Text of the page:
Conditions

We treat all eye conditions:

 

 

 

Common eye disease that are treated by a ophthalmologist include:

  • Cataracts
  • Glaucoma
  • Age related macular degeneration
  • Allergic conjunctivitis
  • Pterygium
  • Retinal Detachments
  • Keratoconus
  • Eye injuries
  • Dry eye

 

 

You may notice certain eye symptoms such as blurred vision, redness, eye pain or discomfort. An ophthalmologist will ask about these symptoms in order to diagnose the problem. Once a accurate diagnosis is made, your ophthalmologist will advise you on treatment options. Treatment options in general may include the use of eye drops, lasers or surgery depending on the diagnosis. These options will be discussed with you so that you are able to make a informed decision.

 

You should have your eyes examined by an ophthalmologist if you have any of these signs or risk factors for eye disease:

• decreased vision, even if temporary;

• distorted vision;

• new floaters (black “strings” or specks in
the vision) and/or flashes of light;

• a curtain or veil blocking vision;

• haloes (colored circles around lights);

• an eye injury or eye pain;

• red eye;

• bulging of one or both eyes;

• misaligned eyes;

• double vision;

• loss of peripheral (side) vision;

• high blood pressure

• diabetes mellitus;

• AIDS;

• thyroid disease-related eye problems
(Graves’ disease);

• a family history of eye disease;

• excess tearing;

• eyelid abnormalities;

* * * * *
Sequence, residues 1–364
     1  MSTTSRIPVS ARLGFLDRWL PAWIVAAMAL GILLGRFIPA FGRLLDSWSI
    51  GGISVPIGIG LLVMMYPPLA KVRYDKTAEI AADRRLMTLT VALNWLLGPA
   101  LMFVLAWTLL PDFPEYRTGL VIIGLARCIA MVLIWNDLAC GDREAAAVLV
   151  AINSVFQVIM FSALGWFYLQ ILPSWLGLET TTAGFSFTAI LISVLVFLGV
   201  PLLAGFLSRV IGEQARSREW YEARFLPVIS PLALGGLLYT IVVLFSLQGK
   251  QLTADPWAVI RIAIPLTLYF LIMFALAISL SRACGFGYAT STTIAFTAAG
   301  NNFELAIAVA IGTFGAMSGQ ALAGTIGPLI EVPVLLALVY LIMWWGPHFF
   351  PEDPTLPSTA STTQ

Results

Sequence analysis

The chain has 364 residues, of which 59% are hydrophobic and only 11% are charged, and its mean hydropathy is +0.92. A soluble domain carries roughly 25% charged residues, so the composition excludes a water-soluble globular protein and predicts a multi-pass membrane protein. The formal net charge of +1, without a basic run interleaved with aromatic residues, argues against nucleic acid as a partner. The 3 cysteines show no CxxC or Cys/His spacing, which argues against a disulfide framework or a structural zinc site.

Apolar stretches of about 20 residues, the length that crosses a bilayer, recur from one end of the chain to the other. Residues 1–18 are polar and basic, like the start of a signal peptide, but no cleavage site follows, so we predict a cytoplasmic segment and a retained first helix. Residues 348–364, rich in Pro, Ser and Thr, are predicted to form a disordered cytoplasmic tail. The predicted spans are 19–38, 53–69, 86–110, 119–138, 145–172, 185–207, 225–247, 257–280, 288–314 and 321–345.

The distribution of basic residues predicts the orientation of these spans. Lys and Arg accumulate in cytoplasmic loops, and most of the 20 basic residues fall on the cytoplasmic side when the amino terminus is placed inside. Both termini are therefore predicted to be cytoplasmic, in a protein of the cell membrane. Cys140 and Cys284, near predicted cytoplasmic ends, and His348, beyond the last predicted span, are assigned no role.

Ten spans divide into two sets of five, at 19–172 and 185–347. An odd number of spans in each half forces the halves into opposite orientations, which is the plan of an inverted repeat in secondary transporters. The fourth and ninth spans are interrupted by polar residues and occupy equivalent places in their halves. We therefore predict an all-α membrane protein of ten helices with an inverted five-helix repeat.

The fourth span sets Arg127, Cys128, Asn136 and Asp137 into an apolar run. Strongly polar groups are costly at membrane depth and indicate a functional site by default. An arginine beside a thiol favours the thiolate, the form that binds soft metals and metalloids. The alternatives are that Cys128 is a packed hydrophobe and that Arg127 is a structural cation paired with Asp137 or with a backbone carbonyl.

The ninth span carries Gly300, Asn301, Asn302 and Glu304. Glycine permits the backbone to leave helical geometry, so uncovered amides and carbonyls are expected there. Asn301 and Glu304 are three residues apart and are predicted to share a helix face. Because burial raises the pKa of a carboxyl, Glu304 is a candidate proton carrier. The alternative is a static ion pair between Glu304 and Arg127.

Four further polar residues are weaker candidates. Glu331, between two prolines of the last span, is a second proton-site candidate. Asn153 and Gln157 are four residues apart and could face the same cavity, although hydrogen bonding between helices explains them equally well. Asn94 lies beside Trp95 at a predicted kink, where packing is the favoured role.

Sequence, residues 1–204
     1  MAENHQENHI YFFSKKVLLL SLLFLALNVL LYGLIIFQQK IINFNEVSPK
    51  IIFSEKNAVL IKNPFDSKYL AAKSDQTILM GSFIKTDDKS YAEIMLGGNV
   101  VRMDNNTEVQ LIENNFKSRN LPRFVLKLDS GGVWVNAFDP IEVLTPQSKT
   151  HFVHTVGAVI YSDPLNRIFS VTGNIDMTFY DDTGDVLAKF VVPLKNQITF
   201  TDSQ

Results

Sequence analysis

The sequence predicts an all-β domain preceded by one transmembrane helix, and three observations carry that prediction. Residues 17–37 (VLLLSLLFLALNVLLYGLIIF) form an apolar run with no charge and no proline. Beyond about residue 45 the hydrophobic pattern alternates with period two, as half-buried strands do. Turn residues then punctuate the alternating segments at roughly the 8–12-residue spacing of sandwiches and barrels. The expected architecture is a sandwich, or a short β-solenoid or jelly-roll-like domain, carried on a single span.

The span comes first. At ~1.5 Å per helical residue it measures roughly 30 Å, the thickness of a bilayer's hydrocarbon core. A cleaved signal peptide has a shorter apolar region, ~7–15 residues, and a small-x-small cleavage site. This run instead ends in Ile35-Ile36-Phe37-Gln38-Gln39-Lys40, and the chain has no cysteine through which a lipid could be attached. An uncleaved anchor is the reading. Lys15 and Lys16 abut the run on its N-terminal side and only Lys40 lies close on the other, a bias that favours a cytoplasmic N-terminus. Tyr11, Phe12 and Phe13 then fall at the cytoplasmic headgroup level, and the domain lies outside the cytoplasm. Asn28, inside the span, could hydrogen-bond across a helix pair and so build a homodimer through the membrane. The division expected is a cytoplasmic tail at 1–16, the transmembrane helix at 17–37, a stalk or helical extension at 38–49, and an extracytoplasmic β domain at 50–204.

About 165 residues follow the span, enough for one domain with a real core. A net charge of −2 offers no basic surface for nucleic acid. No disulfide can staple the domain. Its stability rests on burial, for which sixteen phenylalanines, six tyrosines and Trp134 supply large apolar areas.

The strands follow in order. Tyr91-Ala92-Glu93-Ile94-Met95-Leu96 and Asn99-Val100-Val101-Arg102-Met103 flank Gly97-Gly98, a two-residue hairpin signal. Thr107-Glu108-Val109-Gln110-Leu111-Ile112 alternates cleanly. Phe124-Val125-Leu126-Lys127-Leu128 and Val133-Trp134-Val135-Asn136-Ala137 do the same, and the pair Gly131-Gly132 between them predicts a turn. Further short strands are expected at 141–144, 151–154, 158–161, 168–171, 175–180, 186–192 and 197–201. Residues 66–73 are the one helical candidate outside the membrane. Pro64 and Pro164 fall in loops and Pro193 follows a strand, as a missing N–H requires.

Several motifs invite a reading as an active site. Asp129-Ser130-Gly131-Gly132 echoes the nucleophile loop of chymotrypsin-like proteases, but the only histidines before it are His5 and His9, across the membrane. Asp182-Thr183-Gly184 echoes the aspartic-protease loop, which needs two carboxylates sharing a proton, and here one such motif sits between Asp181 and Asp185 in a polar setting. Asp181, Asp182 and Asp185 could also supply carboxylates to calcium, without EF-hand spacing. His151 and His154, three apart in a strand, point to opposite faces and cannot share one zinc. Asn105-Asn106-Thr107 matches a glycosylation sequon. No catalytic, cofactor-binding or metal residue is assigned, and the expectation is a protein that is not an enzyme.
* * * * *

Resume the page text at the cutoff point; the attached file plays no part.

Based on the examination, your ophthalmologist will let you know how often to return for follow-up exams.

Because of an increased risk for glaucoma, people of African ethnicity should see an ophthalmologist even if they have no other signs of or risk factors for eye disease. Your ophthalmologist will let you know how often to return for follow-up exams.

When you have no particular problems or risk factors, recommended intervals for eye exams are:

Newborn, pre-school and pre-teen: Eye exams should be given by a pediatrician, family doctor or ophthalmologist at the following intervals:

• newborn to 3 months

• 6 months to 1 year

• 3 years old

• 5 years old

• later as needed

Adults 20 to 64 years of age: Adults with no signs or risk factors for eye disease should get an eye disease screening at age 40—the time when early signs of disease and changes in vision may start to happen. Based on the results of the initial screening, your ophthalmologist will let you know how often to return for follow-up exams.

Adults 65 years or older: Every one to two years, as recommended by your ophthalmologist.

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